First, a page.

Breakfast Costs Continue to Climb

round white ceramic plate filled with waffle

Americans may have to start rethinking breakfast as eggs flirt with $5 a dozen and with orange juice prices set to jump because of a poor Florida citrus crop and low cold storage stocks.

“Even at $5 per dozen (eggs) are a very cheap source of nutrient rich fat and protein. If anything changes at all, backyard chickens will become even more popular,” Kam Talebi of the Butchers Tale catering company told The Food Institute.

Indeed. The New York Times recently reported demand for chicks that will grow into egg-laying hens has skyrocketed.

“Everybody wants the heavy layers,” Ginger Stevenson, director of marketing at Murray McMurray Hatchery in Iowa, told the Times. Hatcheries are having a hard time keeping up and running low on some breeds, partly because they haven’t expanded in three years due to the pandemic and partly because they’re having trouble hiring workers.


“One of our biggest cost increases is continuing to raise wages to compete,” Jeff Smith, one of the owners of Cackle Hatchery in Missouri, told the Times.

“I don’t see the inflation going anywhere.”

The agriculture department reported earlier this month that egg prices had fallen to about $3.40 a dozen. The cost doubled between 2021 and 2022. The huge increase was due in large part to the avian influenza epidemic, which led to the slaughter of more than 40 million egg-laying hens across the country.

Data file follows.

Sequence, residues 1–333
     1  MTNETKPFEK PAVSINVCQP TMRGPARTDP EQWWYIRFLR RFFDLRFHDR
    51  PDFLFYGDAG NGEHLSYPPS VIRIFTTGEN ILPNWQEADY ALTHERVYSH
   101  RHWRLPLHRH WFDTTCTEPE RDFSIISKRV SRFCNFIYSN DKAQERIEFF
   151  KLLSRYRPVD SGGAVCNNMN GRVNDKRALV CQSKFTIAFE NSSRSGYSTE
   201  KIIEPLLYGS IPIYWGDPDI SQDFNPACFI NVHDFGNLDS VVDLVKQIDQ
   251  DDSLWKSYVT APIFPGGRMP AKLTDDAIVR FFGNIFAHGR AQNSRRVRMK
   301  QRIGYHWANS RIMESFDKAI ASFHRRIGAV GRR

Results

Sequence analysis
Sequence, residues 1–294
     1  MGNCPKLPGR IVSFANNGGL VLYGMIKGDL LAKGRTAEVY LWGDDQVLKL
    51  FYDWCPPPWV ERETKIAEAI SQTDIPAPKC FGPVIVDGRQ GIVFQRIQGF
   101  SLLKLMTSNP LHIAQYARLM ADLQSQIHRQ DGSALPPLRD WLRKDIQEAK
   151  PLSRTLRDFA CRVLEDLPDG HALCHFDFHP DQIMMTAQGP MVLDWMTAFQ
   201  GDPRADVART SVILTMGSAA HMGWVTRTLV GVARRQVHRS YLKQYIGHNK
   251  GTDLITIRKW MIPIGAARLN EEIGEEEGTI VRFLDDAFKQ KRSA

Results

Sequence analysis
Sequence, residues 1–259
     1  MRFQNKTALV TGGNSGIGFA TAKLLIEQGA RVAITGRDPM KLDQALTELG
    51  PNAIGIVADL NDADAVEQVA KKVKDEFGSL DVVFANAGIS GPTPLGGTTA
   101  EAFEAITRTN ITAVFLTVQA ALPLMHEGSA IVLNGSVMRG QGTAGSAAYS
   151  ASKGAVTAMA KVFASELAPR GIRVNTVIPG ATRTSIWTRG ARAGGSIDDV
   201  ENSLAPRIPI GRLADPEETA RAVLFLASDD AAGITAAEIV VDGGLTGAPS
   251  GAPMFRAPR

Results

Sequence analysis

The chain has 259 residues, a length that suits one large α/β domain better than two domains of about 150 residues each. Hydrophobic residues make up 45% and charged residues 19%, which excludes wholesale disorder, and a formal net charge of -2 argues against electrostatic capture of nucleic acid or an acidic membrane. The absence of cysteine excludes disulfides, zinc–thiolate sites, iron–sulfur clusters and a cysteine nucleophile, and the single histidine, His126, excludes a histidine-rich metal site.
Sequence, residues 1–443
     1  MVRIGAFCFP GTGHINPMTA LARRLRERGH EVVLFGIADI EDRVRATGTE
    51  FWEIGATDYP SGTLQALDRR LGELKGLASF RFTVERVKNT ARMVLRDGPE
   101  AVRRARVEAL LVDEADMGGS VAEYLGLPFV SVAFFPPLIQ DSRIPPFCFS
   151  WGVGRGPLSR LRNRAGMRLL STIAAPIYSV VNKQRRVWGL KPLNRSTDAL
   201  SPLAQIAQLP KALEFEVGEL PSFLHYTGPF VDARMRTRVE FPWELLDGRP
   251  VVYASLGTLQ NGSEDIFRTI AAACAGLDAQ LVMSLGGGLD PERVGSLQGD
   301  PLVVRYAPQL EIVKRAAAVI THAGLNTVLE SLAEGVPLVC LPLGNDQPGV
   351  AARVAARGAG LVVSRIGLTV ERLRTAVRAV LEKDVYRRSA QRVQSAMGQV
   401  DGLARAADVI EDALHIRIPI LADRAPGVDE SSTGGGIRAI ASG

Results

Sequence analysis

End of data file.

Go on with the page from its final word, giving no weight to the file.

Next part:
But raising chickens is not easy and there’s an initial upfront investment for the chicks themselves, and construction materials for a coop. Then there are the predators.


Beyond the breakfast table, restaurants and bakeries also are feeling the impact and looking for ways around it: sourcing ingredients locally and changing recipes.

“If eggs are prohibitively expensive and would drive up costs which would inevitably have to be passed down to the consumers, then it’s vital to pivot from the current menu and explore other options, Los Angeles registered dietitian nutritionist Yelena Wheeler told The Food Institute.

“Instead of pushing the typical eggs and bacon breakfast, maybe look at mixtures of potatoes, vegetables and cheese. For instance, a breakfast veggie quesadilla or fruit and yogurt parfait. Exploring other cultural breakfast staples that don’t include eggs can also be helpful.”

Meredith Marin, CEO of Vegan Hospitality, said eggs can be left out of just about any recipe, either by adding baking powder or egg substitutes.

“This works with pancakes, waffles, and many breads. … The great news is, guests will love their meal just as much, and you may even choose to keep these new recipes on your menu. You’ll save costs while opening up your menu to vegans and those with food sensitivities, as eggs are among the top eight allergens,” Marin said.


When it comes to washing down that alternative breakfast, consumers may need to look for an alternative to orange juice. The USDA’s revised forecast said the Florida orange crop is likely to be the smallest since the 1935-36 season.

The projected harvest of 16 million boxes is the result of Hurricane Ian and a winter freeze. Groves also are suffering from two decades of greening disease, which produces fruits that are green, misshapen and bitter, making them unsuitable for sale as fresh fruit or for juice. Infected trees generally die within a few years.

Juice made from concentrate recently hit $6.27 a gallon; fresh-squeezed juice prices hit $10, The Wall Street Journal reported. Cold storage stocks of concentrate are extremely low.

The Food Institute Podcast

Click the play button above to listen to the episode.

Recent cyberattacks have shown the business and reputational impacts of a breach, but what technologies can be used to protect your organization? SmartLedger’s Bryan Daugherty and Gregory Ward explain how CERTIHASH Sentinel Node can help a company detect a cyber intrusion more quickly, while IBM’s Patryk Walaszczyk shares how the technology could redefine cybersecurity.